But then there are other items of clothing like Mrs. Park's yellow sweater that a Buddhist monk gave her. She wore it and gave her confidence when she danced with her Korean dance group. And when she got this sweater, it wasn't the intention.
What inspires you as a curator of Worn Stories in all of its functions for your selection or for the more sentimental pieces, how do you translate this value into a story that someone else can appreciate?
In the books and on the show, it's very important to me to have a real variety of stories. I want the stories to reflect who we are, our collective human experience, told through the clothes we wear. So it is really important to show a range of ages and backgrounds from different parts of the country and different styles of clothing.
I want this to be a show where everyone feels like they are making something out of it. We all wear clothes. You will see it and you will respond to a piece of clothing, a subject, a figure in it. I think there really is something for everyone.
Yes, everyone wears clothes. Well, almost everyone. I love that you included a nudist couple in the documentary. How did that happen?
You have decided not to wear clothes and there is something to be said for that. So it was very intentional to include her story in the mix. It sets the stage for thinking about what we are saying about the clothes we wear and the clothes we purposely don't wear. What do we communicate with our clothes or when we don't wear clothes?
Is there a celebrity or public figure you haven't spoken to but who you would like to interview in the future about a specific or iconic look?
One person I've always wanted to talk to, and I'm sorry I didn't get the chance, is Bill Cunningham. He would ride around on his bike in his blue jacket. And I always wanted to talk to him about it. When he died I was obviously sad that he had died because of his contributions and also because I could never ask him about his blue jacket. I wish I could speak to someone.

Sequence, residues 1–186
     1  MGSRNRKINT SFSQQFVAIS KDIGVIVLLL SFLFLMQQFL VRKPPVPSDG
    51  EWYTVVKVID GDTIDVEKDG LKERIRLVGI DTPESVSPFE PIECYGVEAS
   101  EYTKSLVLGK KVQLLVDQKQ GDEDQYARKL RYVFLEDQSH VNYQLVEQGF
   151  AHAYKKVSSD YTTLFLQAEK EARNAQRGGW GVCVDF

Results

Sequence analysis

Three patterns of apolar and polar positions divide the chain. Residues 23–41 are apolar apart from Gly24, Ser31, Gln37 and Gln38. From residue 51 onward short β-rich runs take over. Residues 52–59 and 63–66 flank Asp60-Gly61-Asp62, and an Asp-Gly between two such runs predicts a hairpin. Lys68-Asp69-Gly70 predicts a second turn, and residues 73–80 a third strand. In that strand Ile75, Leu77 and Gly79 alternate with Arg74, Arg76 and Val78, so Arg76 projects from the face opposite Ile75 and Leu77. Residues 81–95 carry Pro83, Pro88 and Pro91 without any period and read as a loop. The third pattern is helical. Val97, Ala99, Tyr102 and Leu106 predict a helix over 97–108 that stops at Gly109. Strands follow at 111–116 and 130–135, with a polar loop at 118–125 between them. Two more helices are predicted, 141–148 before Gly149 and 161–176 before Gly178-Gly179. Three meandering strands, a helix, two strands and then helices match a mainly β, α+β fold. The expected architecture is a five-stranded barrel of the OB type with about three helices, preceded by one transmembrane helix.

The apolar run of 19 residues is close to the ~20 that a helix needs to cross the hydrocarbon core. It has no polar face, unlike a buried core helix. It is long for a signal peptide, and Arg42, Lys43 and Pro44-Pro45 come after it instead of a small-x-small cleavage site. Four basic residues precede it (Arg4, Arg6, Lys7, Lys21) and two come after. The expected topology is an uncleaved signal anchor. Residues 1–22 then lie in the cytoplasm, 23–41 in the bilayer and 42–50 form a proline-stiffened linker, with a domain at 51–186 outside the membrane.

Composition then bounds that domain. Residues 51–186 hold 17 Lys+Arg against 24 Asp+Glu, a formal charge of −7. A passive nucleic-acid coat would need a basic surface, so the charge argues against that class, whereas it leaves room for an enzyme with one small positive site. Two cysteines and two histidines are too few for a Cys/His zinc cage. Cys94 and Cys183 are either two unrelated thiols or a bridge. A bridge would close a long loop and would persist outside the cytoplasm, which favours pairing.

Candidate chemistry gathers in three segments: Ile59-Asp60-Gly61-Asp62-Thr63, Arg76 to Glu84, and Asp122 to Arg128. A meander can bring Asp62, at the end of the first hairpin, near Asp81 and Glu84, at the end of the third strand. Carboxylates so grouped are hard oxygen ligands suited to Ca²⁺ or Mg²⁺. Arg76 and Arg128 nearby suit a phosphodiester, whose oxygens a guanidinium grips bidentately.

And I read the jacket about it. It's very functional and unbranded, but he made it an icon.
Yes, and he made it his uniform. There's an episode on the show about uniforms and he would have been so amazing in it. There is the woman who is the mead guard and the crossing guard. There are also people who made their uniforms for themselves – they said: This is who i am I will represent myself through all of my hats. For Bill Cunningham, his blue jacket became his signature. And yes, it was a French worker's coat, but he wore it to make it useful.
What do you hope readers and viewers will take away? Worn out stories and your approach to looking at fashion through a critical lens?
Some of the most important feelings for me are that clothes are so much more than the things we cover ourselves with. Our clothes are really full of stories and memories, and those stories put together Worn out stories are a way to capture our collective human experience and this sense of togetherness. We all wear clothes and things happen to us while we wear them. This show is a way to share those stories and the human connection we have.
Hopefully at the next meeting where we can all be together, people will sit around and share their own stories. I hope it takes on a life of its own!
Next up: Vintage Fashion Lovers, Rejoice: Netflix's Firefly Lane Is a blast from the past